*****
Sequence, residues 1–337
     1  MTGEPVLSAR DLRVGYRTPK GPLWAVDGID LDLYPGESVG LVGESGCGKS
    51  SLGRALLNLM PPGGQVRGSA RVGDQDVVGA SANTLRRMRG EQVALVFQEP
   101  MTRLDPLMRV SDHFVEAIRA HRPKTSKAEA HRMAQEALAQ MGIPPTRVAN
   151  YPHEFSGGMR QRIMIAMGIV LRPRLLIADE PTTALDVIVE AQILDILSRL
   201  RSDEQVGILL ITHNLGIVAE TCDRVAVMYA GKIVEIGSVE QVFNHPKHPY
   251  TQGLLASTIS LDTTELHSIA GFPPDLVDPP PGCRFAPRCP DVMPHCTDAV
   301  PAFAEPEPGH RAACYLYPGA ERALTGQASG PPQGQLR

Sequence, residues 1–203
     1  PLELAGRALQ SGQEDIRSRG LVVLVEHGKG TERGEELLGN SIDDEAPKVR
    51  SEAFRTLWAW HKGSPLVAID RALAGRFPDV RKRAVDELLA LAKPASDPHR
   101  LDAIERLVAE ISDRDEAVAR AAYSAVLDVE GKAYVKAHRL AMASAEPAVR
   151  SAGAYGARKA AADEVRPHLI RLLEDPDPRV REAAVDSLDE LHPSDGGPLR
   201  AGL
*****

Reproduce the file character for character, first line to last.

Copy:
Sequence, residues 1–337
     1  MTGEPVLSAR DLRVGYRTPK GPLWAVDGID LDLYPGESVG LVGESGCGKS
    51  SLGRALLNLM PPGGQVRGSA RVGDQDVVGA SANTLRRMRG EQVALVFQEP
   101  MTRLDPLMRV SDHFVEAIRA HRPKTSKAEA HRMAQEALAQ MGIPPTRVAN
   151  YPHEFSGGMR QRIMIAMGIV LRPRLLIADE PTTALDVIVE AQILDILSRL
   201  RSDEQVGILL ITHNLGIVAE TCDRVAVMYA GKIVEIGSVE QVFNHPKHPY
   251  TQGLLASTIS LDTTELHSIA GFPPDLVDPP PGCRFAPRCP DVMPHCTDAV
   301  PAFAEPEPGH RAACYLYPGA ERALTGQASG PPQGQLR

Sequence, residues 1–203
     1  PLELAGRALQ SGQEDIRSRG LVVLVEHGKG TERGEELLGN SIDDEAPKVR
    51  SEAFRTLWAW HKGSPLVAID RALAGRFPDV RKRAVDELLA LAKPASDPHR
   101  LDAIERLVAE ISDRDEAVAR AAYSAVLDVE GKAYVKAHRL AMASAEPAVR
   151  SAGAYGARKA AADEVRPHLI RLLEDPDPRV REAAVDSLDE LHPSDGGPLR
   201  AGL